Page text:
FLOWERY BRANCH, Ga. -- Atlanta Falcons coach Dan Quinn said he wants to maintain an aggressive mentality on offense, but that doesn't necessarily mean looking down the field in every short-yard situation.
In dissecting the film from a 20-17 loss to the Carolina Panthers, Quinn obviously didn't agree with at least one offensive play call in one of those scenarios: a play-action pass on third-and-1 in the third quarter that resulted in Matt Ryan being pressured and throwing an incomplete pass to tight end Austin Hooper. But at the same time, Quinn wasn't overly critical of offensive coordinator Steve Sarkisian's decision-making.
"As you went back, that one didn't fire me up as much," Quinn said of the third-and-1 pass, "but the run opportunities to go, that definitely affects you sometimes as a play-caller. You got stuffed twice. You go take a shot at it."
Quinn's reference was to a couple of plays in the second quarter that turned the tide in the loss to the Panthers. The Falcons had the ball first-and-5 at Carolina's 39 and had two opportunities to convert on third-and-1 and fourth-and-1 from the 35-yard line. Both Tevin Coleman and Devonta Freeman got stopped for no gain on those plays.
Based on the film, it appeared tight end Levine Toilolo didn't sustain his block on Mario Addison and left tackle Jake Matthews didn't put enough of a body on Kawann Short on the third-down play, allowing Coleman to get stopped. And on fourth down, fullback Derrick Coleman didn't appear to totally clear out safety Kurt Coleman, who made the play on Freeman.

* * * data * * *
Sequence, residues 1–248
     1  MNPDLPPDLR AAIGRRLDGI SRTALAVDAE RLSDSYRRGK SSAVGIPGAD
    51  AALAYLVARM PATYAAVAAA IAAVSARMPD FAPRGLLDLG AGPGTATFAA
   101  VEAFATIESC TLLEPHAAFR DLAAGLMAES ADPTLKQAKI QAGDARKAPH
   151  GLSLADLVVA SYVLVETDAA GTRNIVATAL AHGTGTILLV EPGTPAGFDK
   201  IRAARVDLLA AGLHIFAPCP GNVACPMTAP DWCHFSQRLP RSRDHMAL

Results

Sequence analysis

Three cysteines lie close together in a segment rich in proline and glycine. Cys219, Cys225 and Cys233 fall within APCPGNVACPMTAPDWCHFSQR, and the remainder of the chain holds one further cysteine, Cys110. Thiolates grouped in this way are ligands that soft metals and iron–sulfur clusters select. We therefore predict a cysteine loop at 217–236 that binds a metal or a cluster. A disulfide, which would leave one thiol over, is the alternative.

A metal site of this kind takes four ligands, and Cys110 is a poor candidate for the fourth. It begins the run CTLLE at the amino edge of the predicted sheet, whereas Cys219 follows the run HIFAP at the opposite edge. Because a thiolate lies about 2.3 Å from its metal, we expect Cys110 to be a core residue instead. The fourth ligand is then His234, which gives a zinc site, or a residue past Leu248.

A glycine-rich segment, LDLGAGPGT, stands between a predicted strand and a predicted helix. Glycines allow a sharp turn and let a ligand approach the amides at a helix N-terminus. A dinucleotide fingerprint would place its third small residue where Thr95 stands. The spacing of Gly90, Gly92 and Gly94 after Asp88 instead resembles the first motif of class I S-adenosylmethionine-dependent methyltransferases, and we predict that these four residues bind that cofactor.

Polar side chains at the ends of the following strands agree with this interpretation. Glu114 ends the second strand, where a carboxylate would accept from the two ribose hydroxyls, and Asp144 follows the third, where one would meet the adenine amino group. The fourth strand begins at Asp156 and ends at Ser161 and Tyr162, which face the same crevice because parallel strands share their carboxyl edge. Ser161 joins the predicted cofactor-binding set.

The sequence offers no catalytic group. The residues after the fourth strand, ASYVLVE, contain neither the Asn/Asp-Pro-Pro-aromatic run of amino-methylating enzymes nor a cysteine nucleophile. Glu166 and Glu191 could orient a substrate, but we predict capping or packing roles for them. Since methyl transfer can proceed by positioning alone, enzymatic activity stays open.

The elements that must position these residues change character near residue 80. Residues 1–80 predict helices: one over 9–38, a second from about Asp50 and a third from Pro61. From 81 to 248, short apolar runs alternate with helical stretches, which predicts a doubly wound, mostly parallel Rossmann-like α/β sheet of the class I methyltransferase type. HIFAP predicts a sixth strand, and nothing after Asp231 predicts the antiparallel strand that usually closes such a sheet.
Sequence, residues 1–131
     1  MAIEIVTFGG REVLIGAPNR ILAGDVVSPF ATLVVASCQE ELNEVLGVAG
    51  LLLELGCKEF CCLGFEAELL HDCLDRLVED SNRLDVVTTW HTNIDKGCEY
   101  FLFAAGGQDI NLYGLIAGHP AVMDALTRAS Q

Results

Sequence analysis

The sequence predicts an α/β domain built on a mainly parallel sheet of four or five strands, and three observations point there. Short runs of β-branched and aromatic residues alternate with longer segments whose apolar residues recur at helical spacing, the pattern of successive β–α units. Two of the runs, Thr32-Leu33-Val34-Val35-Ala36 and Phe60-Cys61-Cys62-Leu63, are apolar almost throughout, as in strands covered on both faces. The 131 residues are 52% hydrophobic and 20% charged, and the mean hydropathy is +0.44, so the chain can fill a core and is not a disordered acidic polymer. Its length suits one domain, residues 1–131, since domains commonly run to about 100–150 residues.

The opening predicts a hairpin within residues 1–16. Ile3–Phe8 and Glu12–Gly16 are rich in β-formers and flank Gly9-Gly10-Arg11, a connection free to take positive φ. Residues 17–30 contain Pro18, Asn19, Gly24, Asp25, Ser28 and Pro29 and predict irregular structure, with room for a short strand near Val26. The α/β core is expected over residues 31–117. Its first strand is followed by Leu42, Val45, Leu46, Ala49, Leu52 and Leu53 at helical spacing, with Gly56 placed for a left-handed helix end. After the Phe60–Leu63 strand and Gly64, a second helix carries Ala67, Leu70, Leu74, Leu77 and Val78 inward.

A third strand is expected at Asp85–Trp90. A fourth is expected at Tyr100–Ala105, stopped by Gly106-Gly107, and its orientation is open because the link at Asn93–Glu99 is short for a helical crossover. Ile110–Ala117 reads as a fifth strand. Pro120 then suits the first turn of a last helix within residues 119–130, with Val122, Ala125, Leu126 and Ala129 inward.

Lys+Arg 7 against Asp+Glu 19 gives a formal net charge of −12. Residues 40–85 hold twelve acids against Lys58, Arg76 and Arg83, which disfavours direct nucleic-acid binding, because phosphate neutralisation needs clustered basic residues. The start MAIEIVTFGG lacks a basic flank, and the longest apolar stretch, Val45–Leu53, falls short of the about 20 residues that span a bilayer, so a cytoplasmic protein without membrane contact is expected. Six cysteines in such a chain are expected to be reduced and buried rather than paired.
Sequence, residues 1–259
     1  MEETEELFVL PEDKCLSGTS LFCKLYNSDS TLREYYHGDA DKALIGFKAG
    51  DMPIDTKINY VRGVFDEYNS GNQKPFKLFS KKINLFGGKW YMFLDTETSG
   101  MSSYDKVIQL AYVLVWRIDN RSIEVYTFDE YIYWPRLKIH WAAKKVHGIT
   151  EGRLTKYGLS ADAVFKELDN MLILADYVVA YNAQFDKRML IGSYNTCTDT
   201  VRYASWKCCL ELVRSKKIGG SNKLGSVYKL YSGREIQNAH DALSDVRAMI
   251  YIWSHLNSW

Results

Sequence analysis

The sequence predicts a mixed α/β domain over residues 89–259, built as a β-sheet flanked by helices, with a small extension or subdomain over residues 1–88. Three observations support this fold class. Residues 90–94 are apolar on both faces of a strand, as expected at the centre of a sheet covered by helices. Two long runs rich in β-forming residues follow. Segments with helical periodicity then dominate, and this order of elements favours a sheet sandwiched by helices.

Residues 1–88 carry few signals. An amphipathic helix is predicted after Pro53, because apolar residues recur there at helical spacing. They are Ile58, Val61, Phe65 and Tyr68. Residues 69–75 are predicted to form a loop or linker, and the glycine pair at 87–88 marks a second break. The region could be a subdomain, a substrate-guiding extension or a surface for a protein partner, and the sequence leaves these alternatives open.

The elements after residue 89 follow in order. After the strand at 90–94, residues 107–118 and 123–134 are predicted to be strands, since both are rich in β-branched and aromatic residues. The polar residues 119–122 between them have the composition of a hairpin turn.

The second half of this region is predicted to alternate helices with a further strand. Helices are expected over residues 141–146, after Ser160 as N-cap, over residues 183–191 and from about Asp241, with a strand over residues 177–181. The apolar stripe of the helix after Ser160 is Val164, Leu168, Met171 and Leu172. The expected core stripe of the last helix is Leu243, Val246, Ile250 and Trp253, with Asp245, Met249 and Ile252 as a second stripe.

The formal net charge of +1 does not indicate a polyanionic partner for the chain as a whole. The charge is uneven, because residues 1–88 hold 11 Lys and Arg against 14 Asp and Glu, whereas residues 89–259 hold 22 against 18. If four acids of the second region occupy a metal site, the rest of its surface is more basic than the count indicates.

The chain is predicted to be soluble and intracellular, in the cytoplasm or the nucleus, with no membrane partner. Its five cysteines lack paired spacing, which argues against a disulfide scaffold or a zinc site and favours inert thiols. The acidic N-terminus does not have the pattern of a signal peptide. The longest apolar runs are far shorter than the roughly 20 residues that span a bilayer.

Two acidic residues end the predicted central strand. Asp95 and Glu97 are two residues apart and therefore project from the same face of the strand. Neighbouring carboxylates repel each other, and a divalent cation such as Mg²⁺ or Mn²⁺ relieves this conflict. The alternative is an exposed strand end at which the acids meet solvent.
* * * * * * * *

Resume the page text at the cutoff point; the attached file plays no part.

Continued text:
Quinn didn't single anyone out for committing blunders.
"Obviously there's going to be some type of either technique error or breakdown that doesn't allow you to get the distance that you want," Quinn said. "On both of the runs that came up short on the third-and-1 and fourth-and-1 sequence, both those issues had come up where we either gotten beaten by a play or lost on a technique of play.
"So, as we're going back through it, we're going to go look to see how we can do it different better. But, yeah, they're were definitely issues technique-related."
Quinn revealed going for it on fourth-and-1 had something to do with kicker Matt Bryant aggravating a kicking-leg injury -- possibility related to his calf, although Bryant wouldn't totally confirm -- during pregame warm-ups following the national anthem. Bryant felt well enough to kick a 53-yarder in the first quarter but then didn't feel as confident after the kick. The decision was made to limit Bryant, but Bryant said he felt better after halftime and was well enough to try again from that safe range of 53, if the opportunity would have presented itself in the fourth quarter. The Falcons went for it on fourth-and-7 from the 39 with 8 minutes, 20 seconds remaining, which would have been out of the safe kicking range.
"That contributed to us going for some of the ones that we did as opposed to normally, if Matt's in range, we give him the green light," Quinn said. "We trust him so much."
Even despite Bryant's injury status, one would think the Falcons should feel confident enough to pick up 1 yard on the ground, when needed. If not, such lack of confidence could be a problem for the remainder of the season, with Carolina on the schedule again along with another top run defense in the Minnesota Vikings. Not to mention Dallas and Seattle have the ability to be stout up front, although the numbers might not reflect it.
Blocking often extends beyond the offensive line, but Quinn gave his assessment of his front five going into the second half of the season. He applauded the group's pass protection against the Panthers, but not so much the run-blocking.
"I really trust our group," Quinn said. "We've been good in the run game, and we weren't in (the Carolina) game, in terms of the production that we'd like. But I've got a lot of faith in that group. I really do."